Breaking down one of the year's best trends is easy-queasy.
Hustlers / Knives Out / The Good Place
Credit: Barbara Nitke/STXfilms; Claire Folger/Lionsgate; Justin Lubin/NBCU Photo Bank/NBCUniversal via Getty Images via Getty Images

2019 shall henceforth be known as the year that made retch happen.

This year pop culture saw fit to gift us with not one, but three good-hearted worrywarts who carry their stress in their stomach. I’m speaking of The Good Place’s Chidi (William Jackson Harper), HustlersAnnabelle (Lili Reinhart), and Knives Out’s Marta (Ana de Armas) — three souls too good and pure for this world, who, for various reasons, are induced to intense stomachaches and projectile fireworks when placed under duress.

Anxious indigestion was the hot trend of the year, and I’m chucking it up to our general state of cultural distress reduced to the microcosm of an upset tummy.

Since The Good Place debuted in 2016, Chidi has been defined by his anxiety and his tendency to get an upset stomach when faced with any decision, from choosing a classmate for a team at recess to debating whether to protect someone not actually meant to be in the “Good Place.” As a student and teacher of ethics and moral philosophy, Chidi can spiral into crippling stomach pain at the prospect of the smallest decision or a hint of unethical behavior.

This fall’s mid-season finale gave us glimpses into 800-plus versions of Chidi’s life. As it turns out, Chidi has always had a strong link between his mind and his gut — as a baby, an innocent rhetorical question about whether he likes his name produces a tummy ache, and later, we discover he was the youngest person ever to be diagnosed with a stress-induced ulcer.

Knives Out and Hustlers define their characters’ quirks as even more tied to morality than indecisiveness. Hustlers’ Annabelle vomits anytime she’s nervous or scared by illegal dealings, and it reaches its peak when the police show up at her door. Similarly, Knives Out’s Marta suffers from a bizarre affliction, the inability to lie without vomiting, which ultimately plays a key role in the whodunnit plot.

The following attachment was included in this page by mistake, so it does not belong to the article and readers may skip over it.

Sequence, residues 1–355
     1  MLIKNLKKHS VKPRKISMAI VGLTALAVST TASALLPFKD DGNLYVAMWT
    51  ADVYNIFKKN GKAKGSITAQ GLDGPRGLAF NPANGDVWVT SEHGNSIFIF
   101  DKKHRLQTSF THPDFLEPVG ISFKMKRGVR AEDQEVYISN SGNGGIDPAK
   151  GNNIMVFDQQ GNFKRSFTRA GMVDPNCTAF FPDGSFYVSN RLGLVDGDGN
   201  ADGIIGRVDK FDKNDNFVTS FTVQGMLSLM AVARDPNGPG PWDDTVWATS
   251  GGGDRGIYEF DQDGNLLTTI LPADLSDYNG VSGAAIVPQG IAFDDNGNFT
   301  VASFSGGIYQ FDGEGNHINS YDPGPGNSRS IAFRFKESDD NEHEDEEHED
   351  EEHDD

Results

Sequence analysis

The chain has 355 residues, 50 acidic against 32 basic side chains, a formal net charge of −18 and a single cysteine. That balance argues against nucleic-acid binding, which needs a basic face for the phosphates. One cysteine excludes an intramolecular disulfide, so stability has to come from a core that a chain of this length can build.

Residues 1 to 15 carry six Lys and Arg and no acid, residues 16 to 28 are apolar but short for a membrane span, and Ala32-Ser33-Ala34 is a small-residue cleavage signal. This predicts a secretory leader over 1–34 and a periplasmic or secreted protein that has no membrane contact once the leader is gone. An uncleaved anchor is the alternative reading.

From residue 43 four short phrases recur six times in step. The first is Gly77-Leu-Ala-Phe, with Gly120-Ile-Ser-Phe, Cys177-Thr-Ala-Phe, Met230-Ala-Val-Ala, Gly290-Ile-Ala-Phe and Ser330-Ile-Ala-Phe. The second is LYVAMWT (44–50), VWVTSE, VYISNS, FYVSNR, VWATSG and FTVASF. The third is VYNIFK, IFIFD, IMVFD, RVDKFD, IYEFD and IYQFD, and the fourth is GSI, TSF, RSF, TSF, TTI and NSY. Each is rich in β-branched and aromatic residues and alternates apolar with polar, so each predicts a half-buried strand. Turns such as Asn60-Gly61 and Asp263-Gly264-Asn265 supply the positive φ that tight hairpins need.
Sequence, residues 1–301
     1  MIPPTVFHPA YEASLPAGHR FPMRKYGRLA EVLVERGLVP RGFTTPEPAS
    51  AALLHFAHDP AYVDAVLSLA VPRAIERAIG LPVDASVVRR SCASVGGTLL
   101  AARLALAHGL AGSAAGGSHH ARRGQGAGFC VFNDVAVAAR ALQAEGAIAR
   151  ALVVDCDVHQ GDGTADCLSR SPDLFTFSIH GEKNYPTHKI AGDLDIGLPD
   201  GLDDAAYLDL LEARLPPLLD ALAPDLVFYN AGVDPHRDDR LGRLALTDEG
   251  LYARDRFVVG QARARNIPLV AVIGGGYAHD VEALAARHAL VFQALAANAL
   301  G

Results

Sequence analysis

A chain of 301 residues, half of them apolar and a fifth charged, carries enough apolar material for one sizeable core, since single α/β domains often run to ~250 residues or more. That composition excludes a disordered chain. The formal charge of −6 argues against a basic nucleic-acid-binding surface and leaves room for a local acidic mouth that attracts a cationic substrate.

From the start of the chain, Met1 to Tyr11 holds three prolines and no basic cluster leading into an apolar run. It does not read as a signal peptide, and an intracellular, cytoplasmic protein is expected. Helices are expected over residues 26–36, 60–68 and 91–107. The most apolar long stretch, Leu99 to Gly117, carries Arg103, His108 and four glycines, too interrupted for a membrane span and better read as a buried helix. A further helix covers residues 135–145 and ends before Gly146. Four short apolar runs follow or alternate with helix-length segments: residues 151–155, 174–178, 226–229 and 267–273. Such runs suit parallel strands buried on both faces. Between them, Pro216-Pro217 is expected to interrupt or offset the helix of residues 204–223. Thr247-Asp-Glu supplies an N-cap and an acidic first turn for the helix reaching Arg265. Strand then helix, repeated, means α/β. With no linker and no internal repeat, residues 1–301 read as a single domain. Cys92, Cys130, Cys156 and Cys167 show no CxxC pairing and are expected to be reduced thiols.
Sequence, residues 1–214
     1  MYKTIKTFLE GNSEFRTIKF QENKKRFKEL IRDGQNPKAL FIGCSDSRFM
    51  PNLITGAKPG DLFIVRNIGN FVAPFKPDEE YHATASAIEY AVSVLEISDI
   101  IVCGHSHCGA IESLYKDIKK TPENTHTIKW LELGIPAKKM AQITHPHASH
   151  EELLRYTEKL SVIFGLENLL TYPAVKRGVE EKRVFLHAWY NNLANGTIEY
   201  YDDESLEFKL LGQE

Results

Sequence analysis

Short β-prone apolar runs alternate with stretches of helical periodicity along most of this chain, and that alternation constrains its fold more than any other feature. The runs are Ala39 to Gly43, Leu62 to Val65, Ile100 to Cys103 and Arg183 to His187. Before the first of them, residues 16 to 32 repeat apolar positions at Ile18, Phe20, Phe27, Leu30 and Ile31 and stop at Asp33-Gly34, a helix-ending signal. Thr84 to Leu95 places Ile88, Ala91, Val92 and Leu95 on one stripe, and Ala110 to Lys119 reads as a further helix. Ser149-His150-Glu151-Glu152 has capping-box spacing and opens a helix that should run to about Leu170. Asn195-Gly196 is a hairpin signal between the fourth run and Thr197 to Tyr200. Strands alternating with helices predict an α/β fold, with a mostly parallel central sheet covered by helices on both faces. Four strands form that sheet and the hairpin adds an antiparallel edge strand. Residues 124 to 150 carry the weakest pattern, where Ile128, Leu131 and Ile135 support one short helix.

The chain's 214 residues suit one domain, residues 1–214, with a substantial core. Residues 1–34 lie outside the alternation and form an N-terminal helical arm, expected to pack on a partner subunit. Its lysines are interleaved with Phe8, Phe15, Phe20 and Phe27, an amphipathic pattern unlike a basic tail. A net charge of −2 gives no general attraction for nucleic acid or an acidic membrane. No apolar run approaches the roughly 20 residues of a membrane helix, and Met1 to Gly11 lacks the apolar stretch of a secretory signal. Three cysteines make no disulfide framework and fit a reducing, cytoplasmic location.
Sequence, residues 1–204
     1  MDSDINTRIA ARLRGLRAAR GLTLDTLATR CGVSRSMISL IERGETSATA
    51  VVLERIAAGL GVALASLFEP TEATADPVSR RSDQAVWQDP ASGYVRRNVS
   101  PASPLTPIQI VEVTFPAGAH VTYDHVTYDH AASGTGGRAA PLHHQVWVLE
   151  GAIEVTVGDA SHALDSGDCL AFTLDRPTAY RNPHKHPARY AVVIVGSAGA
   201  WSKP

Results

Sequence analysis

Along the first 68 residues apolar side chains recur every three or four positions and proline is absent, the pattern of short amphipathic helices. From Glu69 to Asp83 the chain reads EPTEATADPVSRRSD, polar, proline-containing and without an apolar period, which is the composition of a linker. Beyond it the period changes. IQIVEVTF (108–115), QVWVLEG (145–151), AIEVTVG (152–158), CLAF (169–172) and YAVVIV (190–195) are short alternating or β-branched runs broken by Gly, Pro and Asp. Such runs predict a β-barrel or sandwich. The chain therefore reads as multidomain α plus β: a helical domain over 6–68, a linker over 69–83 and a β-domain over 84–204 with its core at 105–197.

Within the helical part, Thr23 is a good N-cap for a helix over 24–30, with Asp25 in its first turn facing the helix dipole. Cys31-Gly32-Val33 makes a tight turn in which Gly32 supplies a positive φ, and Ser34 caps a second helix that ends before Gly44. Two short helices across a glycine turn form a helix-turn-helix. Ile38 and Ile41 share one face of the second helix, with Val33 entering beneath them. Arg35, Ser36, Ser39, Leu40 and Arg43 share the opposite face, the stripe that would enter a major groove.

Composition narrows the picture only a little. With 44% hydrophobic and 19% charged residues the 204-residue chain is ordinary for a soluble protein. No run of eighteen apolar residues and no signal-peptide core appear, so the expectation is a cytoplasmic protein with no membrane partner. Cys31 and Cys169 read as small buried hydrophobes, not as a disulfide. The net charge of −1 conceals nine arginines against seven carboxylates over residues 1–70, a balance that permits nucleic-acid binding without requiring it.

In each case, it is played for laughs — fear, indecision, and falsehoods the impetus for heaving one’s woes back up, an all too relatable (if also extreme) circumstance. But it also feels like a loving acknowledgment of the physical cost of stress, a comedic cataloging of the unexpected side effects of mental strain.

We live in a time of high anxiety, and our culture is doing an increasingly better job at depicting mental health as something other than the butt of a joke, whether it’s Randall (Sterling K. Brown) on This Is Us or the various trauma of the teens on Riverdale. But what makes the weak stomachs of 2019 such a delight is not that their anxious tummies are a source of humor, but that they get to be in on the joke.

Seeing Chidi, Annabelle, and Marta onscreen this year was a relief (and not the kind you find in a Pepto Bismol bottle). For those of us with anxious stomachs of our own, it was a chance to laugh at ourselves and feel seen in a new way, while also reveling in the ridiculousness of it all. But it also tapped in something more potent about our present cultural moment.

The humorous heaving is hyperbolic, but it gets at a core of truth — the physical extremes of our subconscious worries and fears. It doesn’t hurt that in each of these cases the stomach pains are indicative of something inherently good about these characters. They’re literally throwing up their dismay at turpitude, at deceit, at greed, at inequity. The physical manifestation of their anxiety is a rejection of a multitude of ills, from late-stage capitalism to entitlement to the arbitrary valuation of what it means to be “good.”

And in each case, they have at least one person who finds their behavior endearing. Someone who recognizes their tendency to hurl as a sign of some innate goodness, whether it be naivety, innocence, kindness, etc. The corruption and strain of the world around them has made them literally sick. But it doesn’t stop them from trying to make things better, to win a victory for the underdog, to tip the scales slightly in the favor of true moral justice.

In 2019, there is no more fitting hero than the anxious vomiter. Who doesn’t have a stomachache in this social and political landscape?

In Chidi, Annabelle, and Marta, we have characters who put it all on the line (including the contents of their stomach) for what they believe. The symptoms of their anxiety might be funny, or even relatable, but their striving in spite of it is noble. They prove that no matter how paralyzed we might be by the state of the world, it is possible to succeed in spite of our anxieties — to find love, to beat the bad guys, and to find the answers (even if they don’t really exist). All we have to do is wipe our mouths and keep going.

So here’s to the chief upchuckers of 2019, our new favorite pop culture gag.

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